Welcome to "All That Is Odd" (formerly Curious History). The world is filled with strange, odd and inexplicable wonders. You will find thousands of them here. Please consider a small donation to keep this site running (upper left corner)!

It’s an Odd & Small World After All

In its 40th year, Nikon Small World is one of the leading forums for recognizing excellent microscopic photography. Subjects above cover biological specimens.

1) Jumping Spider Eyes Reflected Light - 20X

Noah Fram-Schwartz; Greenwich, Connecticut, USA

2) Bed Bug (Cimex lectularius) - 50X

Mr. Stefano Barone; Cremona, Italy

3) Developing Mouse Embryo Eye - 20X

Ms. Zsófia László; Budapest, Hungary

4) Ant Eye Reflected Light - 20X

Noah Fram-Schwartz; Greenwich, Connecticut, USA

5) Underside of the Brown Dog and Lonestar Tick Mouthparts - 100X

Dr. Igor Robert Siwanowicz; Ashburn, Virginia, USA

source

Crabzilla or Hoax?

Is this a freakishly huge crab or just someone bored playing with photoshop? You might have seen this image within the last few days. The above photographs of Whistable harbour led people to believe that a monster-size crab (nick-named “crabzilla”) is living off the Kent coast in the United Kingdom.

Residents of Whitstable were stunned when the picture appeared to show a huge crab at the base of the coastal town’s harbour.

However a marine biologist, Dr. Verity Nye, who is an ocean and earth science researcher at the University of Southampton states: “The idea of a giant “crabzilla” would very exciting. Unfortunately, I think this is a hoax.”

She further stated that the United Kingdom does have large crabs but not anywhere near this size. The largest crabs tend to stay in deeper water and that this particular image is a different shape than previously identified huge crustaceans.

But this is just one scientist’s opinion…anything is in the realm of possibility when it comes to ocean life. Hundreds, if not thousands, of new species of marine life are discovered every year. Perhaps he’ll make another appearance…

source

(Source: allthatisodd.com)

Newly Discovered Deep Sea Worms Unknown to Science

Scientist and marine researcher Alexander Semenov, recently released a number of incredible new photographs of worms, several of which may be completely unknown to science.

Half of the photos were taken near the Great Barrier Reef in Australia during a 2-week conference on marine worms called polychaetes. Semenov photographed 222 different worm species which are now in the process of being studied and documented by scientists.

The other half of the photos were taken during Semenov’s normal course of work at the White Sea Biological Station in northern Russia where he’s head of the scientific divers team.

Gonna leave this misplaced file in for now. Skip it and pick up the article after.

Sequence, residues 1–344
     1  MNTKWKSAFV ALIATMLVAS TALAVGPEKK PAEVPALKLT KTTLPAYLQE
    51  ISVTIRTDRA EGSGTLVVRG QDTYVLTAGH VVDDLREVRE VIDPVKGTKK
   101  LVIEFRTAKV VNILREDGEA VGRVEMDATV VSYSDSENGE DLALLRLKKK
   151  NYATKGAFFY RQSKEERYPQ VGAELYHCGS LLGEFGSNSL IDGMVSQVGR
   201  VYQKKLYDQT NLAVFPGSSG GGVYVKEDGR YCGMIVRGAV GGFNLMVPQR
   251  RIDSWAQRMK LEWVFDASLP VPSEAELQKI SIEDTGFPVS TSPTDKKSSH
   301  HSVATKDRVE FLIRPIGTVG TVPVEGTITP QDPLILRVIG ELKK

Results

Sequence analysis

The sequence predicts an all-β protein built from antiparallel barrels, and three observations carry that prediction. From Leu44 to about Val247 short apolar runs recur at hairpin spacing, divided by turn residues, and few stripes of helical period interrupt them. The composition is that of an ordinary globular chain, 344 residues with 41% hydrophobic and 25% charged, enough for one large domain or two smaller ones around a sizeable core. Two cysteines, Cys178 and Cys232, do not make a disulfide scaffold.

(Source: thisiscolossal.com)

The Ancient Art of Honey Hunting in Nepal

The Gurange tribes of Nepal have been collecting honey from Himalayan cliffs for centuries. The Gurung are master honey hunters, risking their lives collecting honeycomb using nothing more than handmade rope ladders and long sticks known as tangos.

Most of the honey bees’ nests are located on steep, inaccessible, southwest facing cliffs to avoid predators and for increased exposure to direct sunlight.

Aside from the dangers of falling, they are harvesting honey from the largest honey bees in the world. The Himalayan honey bee can grow up to 3 cm in length.

Before a hunt can commence, the honey hunters are required to perform a ceremony to placate the cliff gods. This involves sacrificing a sheep, offering flowers, fruits and rice, and praying to the cliff gods to ensure a safe hunt.

Photographer Andrew Newey spent two weeks living with the Gurung in central Nepal, documenting the risks and skill involved in this dying tradition.

(Source: theguardian.com)

Baby Hedgehog
England—Just four days old and 2.5 inches long, an abandoned hoglet—as baby hedgehogs are often called—snuggles up to a folded towel at a rescue center in Royal Tunbridge Wells, Kent. Warmth and cleanliness are vital to keeping the tiny animals healthy.
Photo by Phil Yeomans, Bournemouth News and Picture Service

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Baby Hedgehog

England—Just four days old and 2.5 inches long, an abandoned hoglet—as baby hedgehogs are often called—snuggles up to a folded towel at a rescue center in Royal Tunbridge Wells, Kent. Warmth and cleanliness are vital to keeping the tiny animals healthy.

Photo by Phil Yeomans, Bournemouth News and Picture Service

(Source: National Geographic)

rorschachx:

Mudskippers - Krabi, Thailand | image by Daniel Trim

They are completely amphibious fish, fish that can use their pectoral fins to walk on land.  Mudskippers are quite active when out of water, feeding and interacting with one another, for example to defend their territories.
 They are found in tropical, subtropical and temperate regions, including the Indo-Pacific and the Atlantic coast of Africa.
 (via wiki)

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rorschachx:

Mudskippers - Krabi, Thailand | image by Daniel Trim

They are completely amphibious fish, fish that can use their pectoral fins to walk on land.  Mudskippers are quite active when out of water, feeding and interacting with one another, for example to defend their territories.

They are found in tropicalsubtropical and temperate regions, including the Indo-Pacific and the Atlantic coast of Africa.

(via wiki)

Dec 30th at 3PM / via: rorschachx / op: rorschachx / tagged: science. animals. fish. mudskippers. krabi. thailand. / reblog / 1,995 notes